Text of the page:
In the meantime, what are local governments and municipalities doing to prepare for an acceleration of Opportunity Zone investments?
Under its guidance, 30 cities to date have drafted Investment Prospectuses, clearly outlining their preparations for OZ impact.
“We are helping cities highlight assets, partnerships and investible projects and businesses that will directly help the communities and families to whom the legislation was targeted,” says Aaron Thomas, Accelerator for America’s Director of Economic Development and Opportunity Zones.
Getty By having cities draw up Investment Prospectuses, Thomas explains, “We’re saying, ‘If you’re going to put capital into these communities, here are the communities that are ready, and these are the things the community actually wants to do.'
During the first quarter of 2019, Maryland Governor Larry Hogan and his administration created an OZ Task Force that just held its first of many-planned regional summits to “align Opportunity Zone goals with state and local economic and cultural priorities,” According to a statement by Lt. Gov.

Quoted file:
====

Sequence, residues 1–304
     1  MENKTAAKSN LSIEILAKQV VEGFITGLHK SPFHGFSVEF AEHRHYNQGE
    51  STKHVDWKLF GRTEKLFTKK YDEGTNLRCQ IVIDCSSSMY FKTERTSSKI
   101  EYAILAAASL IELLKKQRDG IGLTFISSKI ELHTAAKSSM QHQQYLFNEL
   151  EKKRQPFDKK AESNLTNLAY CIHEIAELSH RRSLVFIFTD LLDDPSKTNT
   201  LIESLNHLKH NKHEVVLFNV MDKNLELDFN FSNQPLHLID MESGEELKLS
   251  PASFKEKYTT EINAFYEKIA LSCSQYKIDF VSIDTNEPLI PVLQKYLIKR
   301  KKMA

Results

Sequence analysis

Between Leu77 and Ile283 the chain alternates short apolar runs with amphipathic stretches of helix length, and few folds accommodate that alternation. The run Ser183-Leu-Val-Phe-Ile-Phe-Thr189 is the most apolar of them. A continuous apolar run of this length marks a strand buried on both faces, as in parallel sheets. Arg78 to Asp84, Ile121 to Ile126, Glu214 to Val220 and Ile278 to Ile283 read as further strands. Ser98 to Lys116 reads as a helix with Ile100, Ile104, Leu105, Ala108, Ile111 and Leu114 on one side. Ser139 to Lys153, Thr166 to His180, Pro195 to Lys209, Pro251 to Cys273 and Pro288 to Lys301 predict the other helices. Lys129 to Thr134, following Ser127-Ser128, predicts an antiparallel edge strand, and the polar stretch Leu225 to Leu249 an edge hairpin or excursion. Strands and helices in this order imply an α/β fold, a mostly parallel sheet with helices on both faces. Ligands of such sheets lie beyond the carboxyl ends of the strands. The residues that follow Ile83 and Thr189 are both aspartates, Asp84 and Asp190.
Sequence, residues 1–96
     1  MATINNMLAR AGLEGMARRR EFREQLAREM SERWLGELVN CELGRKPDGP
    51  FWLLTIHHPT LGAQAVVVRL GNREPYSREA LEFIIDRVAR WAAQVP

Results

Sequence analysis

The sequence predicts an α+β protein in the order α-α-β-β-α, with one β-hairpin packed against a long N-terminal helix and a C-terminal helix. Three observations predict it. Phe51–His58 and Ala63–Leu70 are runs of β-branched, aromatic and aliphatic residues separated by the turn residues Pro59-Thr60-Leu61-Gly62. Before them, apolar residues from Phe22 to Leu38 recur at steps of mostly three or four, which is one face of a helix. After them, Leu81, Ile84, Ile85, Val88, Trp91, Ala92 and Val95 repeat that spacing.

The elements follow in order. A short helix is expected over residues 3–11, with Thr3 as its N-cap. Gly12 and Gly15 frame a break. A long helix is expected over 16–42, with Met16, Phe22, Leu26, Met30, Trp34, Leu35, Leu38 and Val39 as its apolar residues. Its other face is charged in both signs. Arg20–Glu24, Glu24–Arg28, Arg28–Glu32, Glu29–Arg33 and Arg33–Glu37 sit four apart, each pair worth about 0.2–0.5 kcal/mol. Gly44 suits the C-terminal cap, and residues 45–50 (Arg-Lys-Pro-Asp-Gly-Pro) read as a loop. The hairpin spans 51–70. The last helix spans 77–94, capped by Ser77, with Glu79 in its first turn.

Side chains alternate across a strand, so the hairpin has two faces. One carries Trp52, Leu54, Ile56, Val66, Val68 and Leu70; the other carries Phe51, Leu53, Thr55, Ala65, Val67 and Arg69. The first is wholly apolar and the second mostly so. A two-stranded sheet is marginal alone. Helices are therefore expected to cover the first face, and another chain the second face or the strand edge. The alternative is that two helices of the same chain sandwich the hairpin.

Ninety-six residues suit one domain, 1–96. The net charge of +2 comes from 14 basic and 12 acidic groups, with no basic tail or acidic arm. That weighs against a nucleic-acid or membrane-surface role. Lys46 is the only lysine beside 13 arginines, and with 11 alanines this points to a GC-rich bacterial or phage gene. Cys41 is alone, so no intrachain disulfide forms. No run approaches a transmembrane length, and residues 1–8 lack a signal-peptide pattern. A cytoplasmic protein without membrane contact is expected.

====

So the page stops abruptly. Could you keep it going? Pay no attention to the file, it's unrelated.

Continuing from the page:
Boyd K. Rutherford.
Workforce development grants and technology investments are being put into place, and millions of dollars have been allocated by the State of Maryland to support various aspects of OZ revitalization, from affordable housing construction to demolition funding of dilapidated structures.
All of these examples should give communities and residents reason to be hopeful that good change is coming: that jobs will be created and that necessary investments will materialize.
And yet, some cities still aren’t on board with Opportunity Zones.
Says Aaron Thomas of Accelerator for America, “The potential downsides are precisely why it’s important that the people and organizations already living and working within Opportunity Zones lead the way in improving these communities.” When private capital and communities work closely together, the best outcomes are the likely result.